We are broadly interested in understanding links between organisms and ecosystem processes in dryland environments. We are especially interested in exploring how these organism-ecosystem links are affected by human activities (e.g., atmospheric nitrogen deposition, climate change, and land management). Most of our work explores the impacts of human activities on organism-ecosystem links within two general themes: (1) the patterns and mechanisms by which organisms affect carbon (C) and nitrogen (N) cycles and (2) the patterns and mechanisms by which ecosystem processes respond to human perturbations to the environment (e.g. climate change and changing human land use. We address these questions through research that integrates manipulative field experiments with modeling. Our experimental approach spans a broad a range of techniques, from the physiological level to the ecosystem level, allowing us to explore links among different levels of ecological organization.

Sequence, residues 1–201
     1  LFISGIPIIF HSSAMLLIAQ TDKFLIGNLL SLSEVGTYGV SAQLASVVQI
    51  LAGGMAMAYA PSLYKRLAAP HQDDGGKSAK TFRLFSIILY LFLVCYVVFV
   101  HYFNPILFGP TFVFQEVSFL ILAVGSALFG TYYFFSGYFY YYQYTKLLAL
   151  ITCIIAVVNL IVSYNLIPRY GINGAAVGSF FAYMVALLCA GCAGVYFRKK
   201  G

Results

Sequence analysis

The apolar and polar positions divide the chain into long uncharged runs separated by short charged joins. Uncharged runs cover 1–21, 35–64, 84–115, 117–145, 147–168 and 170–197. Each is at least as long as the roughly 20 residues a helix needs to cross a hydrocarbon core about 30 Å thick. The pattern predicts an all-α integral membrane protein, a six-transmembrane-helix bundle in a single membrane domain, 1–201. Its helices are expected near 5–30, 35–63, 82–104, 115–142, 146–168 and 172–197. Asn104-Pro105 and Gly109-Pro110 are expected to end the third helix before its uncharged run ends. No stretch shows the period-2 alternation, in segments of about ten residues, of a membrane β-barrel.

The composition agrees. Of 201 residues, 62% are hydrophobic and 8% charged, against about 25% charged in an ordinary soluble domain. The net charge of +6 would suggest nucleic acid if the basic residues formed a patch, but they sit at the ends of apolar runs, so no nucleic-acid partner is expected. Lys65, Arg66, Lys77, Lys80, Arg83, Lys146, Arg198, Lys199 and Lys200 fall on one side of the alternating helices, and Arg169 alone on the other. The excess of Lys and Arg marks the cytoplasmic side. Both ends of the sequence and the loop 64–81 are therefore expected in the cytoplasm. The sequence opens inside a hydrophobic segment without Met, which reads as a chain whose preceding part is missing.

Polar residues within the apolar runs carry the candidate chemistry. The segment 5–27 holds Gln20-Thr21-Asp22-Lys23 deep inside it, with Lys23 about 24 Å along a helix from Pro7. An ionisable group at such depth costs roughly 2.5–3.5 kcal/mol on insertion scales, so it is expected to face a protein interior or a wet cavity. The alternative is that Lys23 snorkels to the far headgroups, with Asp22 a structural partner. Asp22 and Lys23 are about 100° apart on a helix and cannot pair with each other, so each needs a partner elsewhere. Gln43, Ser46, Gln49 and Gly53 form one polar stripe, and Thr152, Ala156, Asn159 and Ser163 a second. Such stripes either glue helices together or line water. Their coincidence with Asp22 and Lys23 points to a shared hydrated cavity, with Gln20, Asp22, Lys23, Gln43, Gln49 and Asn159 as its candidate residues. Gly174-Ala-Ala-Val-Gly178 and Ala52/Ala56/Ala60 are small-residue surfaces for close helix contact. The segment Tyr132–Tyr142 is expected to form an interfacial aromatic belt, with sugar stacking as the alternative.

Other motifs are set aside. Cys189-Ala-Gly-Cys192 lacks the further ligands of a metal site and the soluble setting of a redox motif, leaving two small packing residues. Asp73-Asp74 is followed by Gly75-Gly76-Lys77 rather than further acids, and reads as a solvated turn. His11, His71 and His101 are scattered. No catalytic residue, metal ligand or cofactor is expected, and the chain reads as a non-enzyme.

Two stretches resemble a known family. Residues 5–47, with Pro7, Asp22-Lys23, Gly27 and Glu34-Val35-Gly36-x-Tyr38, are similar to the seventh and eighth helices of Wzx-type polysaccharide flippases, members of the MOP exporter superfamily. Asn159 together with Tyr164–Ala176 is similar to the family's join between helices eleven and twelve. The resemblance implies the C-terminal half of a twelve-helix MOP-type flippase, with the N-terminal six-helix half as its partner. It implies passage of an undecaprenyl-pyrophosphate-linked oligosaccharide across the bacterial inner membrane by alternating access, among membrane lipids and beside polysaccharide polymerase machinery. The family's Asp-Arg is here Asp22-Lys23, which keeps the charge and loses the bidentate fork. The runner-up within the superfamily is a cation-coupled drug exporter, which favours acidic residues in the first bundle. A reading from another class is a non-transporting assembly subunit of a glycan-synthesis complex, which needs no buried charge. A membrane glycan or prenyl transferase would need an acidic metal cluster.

Our work is primarily in arid and semi-arid environments. These 'drylands' contain a large and rapidly increasing portion of the worlds human population, particularly in developing nations where human livelihoods are often tightly linked to sustainable use of drylands.
PI: Dr. Heather Throop
School of Earth and Space Exploration - and - School of Life Sciences
Arizona State University
Tempe, Arizona, USA